by Sundiata Acoli
Although much of prison health care is inadequate, many of its youthful captives can at least squeak by on what’s presently provided. Not so for those over 50 years of age, most of whom are beset by the common old age infirmities: high blood pressure and cholesterol, diabetes, clogged arteries, heart disease, cancer and the need for body part replacements.
California has the largest prison population in the U.S. plus the highest health care costs and spends $98,000 to $138,000 per year for each prisoner over 50. (See “Study Finds Record Numbers of Inmates Serving Life” by Solomon Moore, New York Times, July 2009, page A20.) An Aug. 11, 2009, New York Times editorial noted that just days before a Chino, California, prison riot, a three-judge panel ordered the state to reduce its 150,000-plus prison population by about 40,000 in the next two years as the only way to bring its prison health care system up to constitutional standards.
The editorial concluded: “The riot at Chino and the federal court’s ruling contain the same message for states everywhere: They must come up with a smart way to reduce prison populations and they must do it quickly.”
More prisoners today are serving life sentences than ever before. They are called “Lifers,” their numbers have quadrupled since 1984 to over 140,000 and they’ve become a major driving force behind the explosion of health care costs in prisons. Many Lifers are over 50 and most are parole eligible, while the remainder are doing life without parole (LWOP.)
One reason for the ballooning of life sentences is the Three Strikes You’re Out mandatory minimums, 100 to 1 ratio of crack to powder cocaine sentences, children sentenced to LWOP – in clear violation of international law – and other harsh edicts of the law and order climate of the last several decades.
The other reason for the balloon is the unrectified racial residue that has accompanied America’s justice system since antebellum days. Two thirds of prisoners serving life sentences are Latino and Black and nearly half of those serving life are Black. In 13 states Blacks make up 60 percent of the Lifers. In New York state, only 17 percent of prisoners serving life are White.
Many Lifers over 50 have already done 20, even 30 years or more and some are 60, even 70 years old and more. Crime has been decreasing for the last decade or two and ALL indicators show that elderly prisoners, once released, rarely commit another crime and are least likely to return to prison.
So it is self-evident that the smartest and quickest way to begin reducing prison health care costs and prison overcrowding is to release aged and infirmed Lifers and LWOPs whose age plus years served equal a fixed number – say 70 years, for example – which could be further reduced in proportion to the seriousness of the Lifer’s illness.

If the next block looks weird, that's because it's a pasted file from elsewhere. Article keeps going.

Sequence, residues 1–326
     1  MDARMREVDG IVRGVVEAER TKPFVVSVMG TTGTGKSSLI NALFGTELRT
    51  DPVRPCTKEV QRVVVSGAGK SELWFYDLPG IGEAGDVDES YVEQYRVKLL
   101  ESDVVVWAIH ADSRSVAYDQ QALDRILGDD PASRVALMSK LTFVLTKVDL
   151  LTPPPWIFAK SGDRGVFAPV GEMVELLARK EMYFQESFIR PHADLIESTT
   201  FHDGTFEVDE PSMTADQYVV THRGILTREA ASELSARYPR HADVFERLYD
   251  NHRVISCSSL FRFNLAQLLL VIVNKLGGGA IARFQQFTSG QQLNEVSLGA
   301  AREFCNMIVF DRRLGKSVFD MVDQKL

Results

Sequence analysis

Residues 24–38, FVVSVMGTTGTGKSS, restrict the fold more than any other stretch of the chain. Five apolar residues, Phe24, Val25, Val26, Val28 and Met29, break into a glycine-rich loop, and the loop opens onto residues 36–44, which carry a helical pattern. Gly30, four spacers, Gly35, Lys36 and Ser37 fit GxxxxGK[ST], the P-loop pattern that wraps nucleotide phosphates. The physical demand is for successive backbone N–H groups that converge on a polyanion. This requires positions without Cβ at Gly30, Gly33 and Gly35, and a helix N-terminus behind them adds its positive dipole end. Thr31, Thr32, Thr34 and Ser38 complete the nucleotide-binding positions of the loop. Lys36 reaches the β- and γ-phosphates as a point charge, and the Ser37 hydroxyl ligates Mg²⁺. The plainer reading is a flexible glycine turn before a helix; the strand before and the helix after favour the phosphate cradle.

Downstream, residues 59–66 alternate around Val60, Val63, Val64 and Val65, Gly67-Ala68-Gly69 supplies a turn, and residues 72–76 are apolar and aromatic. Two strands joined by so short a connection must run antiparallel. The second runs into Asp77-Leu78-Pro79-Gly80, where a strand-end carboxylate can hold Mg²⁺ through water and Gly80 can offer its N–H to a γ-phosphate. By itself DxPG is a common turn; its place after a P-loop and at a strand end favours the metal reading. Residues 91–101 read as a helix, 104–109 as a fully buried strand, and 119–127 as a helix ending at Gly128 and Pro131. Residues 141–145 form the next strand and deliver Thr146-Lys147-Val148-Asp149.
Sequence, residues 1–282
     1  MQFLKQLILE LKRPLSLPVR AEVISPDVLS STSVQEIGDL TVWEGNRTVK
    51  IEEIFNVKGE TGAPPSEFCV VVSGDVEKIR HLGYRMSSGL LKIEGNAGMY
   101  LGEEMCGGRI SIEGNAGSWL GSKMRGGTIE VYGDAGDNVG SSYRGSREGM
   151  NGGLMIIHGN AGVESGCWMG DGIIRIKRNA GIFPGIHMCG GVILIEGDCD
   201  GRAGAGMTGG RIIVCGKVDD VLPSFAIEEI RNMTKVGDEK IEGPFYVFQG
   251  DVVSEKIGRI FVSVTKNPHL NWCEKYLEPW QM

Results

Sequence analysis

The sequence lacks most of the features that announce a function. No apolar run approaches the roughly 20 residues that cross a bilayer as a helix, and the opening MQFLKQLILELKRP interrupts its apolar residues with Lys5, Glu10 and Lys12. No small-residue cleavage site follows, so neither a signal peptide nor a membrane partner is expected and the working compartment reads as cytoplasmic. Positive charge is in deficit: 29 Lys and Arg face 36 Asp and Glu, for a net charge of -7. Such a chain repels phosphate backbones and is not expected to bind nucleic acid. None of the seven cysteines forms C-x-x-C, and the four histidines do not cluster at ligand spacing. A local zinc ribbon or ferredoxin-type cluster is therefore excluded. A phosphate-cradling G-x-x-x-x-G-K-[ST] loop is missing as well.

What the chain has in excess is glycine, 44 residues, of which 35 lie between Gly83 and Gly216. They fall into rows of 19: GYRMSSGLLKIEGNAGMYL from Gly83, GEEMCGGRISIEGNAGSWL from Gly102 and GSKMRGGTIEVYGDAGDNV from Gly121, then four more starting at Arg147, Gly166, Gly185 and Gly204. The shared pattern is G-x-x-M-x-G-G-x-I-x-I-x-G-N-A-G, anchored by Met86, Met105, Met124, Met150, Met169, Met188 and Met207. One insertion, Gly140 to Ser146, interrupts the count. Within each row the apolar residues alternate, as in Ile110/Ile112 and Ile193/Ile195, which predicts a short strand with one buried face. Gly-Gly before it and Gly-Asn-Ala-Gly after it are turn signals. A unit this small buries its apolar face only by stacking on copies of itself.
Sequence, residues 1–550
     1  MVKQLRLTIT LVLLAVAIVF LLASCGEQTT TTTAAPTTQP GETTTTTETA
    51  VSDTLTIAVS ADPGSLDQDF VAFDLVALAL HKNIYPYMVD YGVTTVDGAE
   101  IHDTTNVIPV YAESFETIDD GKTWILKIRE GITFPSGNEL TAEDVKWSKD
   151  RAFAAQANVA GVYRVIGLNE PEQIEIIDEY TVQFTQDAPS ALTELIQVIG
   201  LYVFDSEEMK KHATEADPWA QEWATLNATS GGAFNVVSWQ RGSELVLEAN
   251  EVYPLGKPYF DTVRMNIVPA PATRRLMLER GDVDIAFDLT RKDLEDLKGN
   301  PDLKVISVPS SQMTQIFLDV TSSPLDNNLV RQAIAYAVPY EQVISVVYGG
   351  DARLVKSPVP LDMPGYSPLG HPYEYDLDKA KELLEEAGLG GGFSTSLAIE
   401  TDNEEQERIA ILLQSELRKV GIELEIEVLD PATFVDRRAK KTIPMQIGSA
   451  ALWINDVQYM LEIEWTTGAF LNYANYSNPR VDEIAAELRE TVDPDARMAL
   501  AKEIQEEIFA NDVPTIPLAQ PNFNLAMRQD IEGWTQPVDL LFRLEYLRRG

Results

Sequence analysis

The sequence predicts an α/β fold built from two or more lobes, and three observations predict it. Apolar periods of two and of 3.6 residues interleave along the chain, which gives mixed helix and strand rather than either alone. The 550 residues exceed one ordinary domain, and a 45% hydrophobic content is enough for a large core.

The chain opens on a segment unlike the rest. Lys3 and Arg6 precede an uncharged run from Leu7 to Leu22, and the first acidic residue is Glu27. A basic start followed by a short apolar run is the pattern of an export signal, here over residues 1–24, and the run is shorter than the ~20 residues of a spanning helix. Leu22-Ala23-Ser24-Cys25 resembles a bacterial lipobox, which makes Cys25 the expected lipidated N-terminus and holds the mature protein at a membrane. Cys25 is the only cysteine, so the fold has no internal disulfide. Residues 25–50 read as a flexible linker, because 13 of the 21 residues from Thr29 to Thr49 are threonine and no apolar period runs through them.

Such a release process would not only be smart but ethical and prisoners’ families, loved ones and the public would be even wiser to urge their Congress member to put such a prison cost cutting bill into effect immediately.
Sundiata Acoli is a 72-year-old prisoner at FCI Otisville, New York, who is sentenced to life with the possibility of parole, afflicted with common old age infirmities and has been imprisoned 36 years to date. He was arrested for the May 2, 1973, New Jersey Turnpike shooting incident in which he shot no one but merely managed to survive but in which his passenger, Zayd Shakur, and a New Jersey trooper, Werner Foerster, were killed and another trooper, James Harper, was wounded as was Sundiata’s other passenger, Assata Shakur, who was at the time the object of a nationwide “woman hunt” and she was captured. Sundiata was also wounded, then captured 40 hours later. Sundiata and both his passengers were members of the Black Panther Party at the time.
Sundiata has endured some of the harshest treatment a prisoner could experience. Still, he maintains a favorable prison record. He is a talented painter and has written numerous published articles about the prison industrial complex. He is a beloved father, grandfather, brother and elder to many with a rich history of making invaluable contributions to his community.
In the ’60s Sundiata left a promising career at NASA as a computer programmer to travel to the South to help register Blacks to vote. During his activism with the New York Chapter of the Black Panther Party, Sundiata contributed to various programs providing the city of Harlem with community control of schools, tenant control of slum housing, free breakfast for school children, free health care, legal clinics and political education classes. He also worked on community programs against drug dealers and police brutality. Numerous Panthers are still languishing in prison and have repeatedly been denied parole despite clear support for their release.
For those reasons and because Assata escaped prison long ago, the Parole Board has twice denied Sundiata parole claiming he’s likely to commit another crime. Sundiata comes up for parole hearing again in February 2010 and people concerned about justice are urged to send letters, cards and signature petitions.
As the attorneys will present your letters formally and keep record of the number of letters received, please do not mail them to the Parole Board directly. Instead mail your letters to: Attorney Florence Morgan, 120-46 Queens Blvd., Kew Gardens, NY 11415.
Letters should be addressed to: Chairwoman Volette C. Ross, New Jersey State Parole Board, P.O. Box 862, Trenton NJ 08625, saying in effect that 36 years is enough. Sundiata Acoli, New Jersey No. 54859 and federal No. 39794-066, has long ago fulfilled all requirements for parole and is too old, infirm and highly unlikely to commit another crime, so I urge you to release Sundiata Acoli on parole.
To join the Sundiata Acoli Freedom Campaign (SAFC) email list or request additional information, feel free to contact SAFC by email at TheSAFC@gmail.com.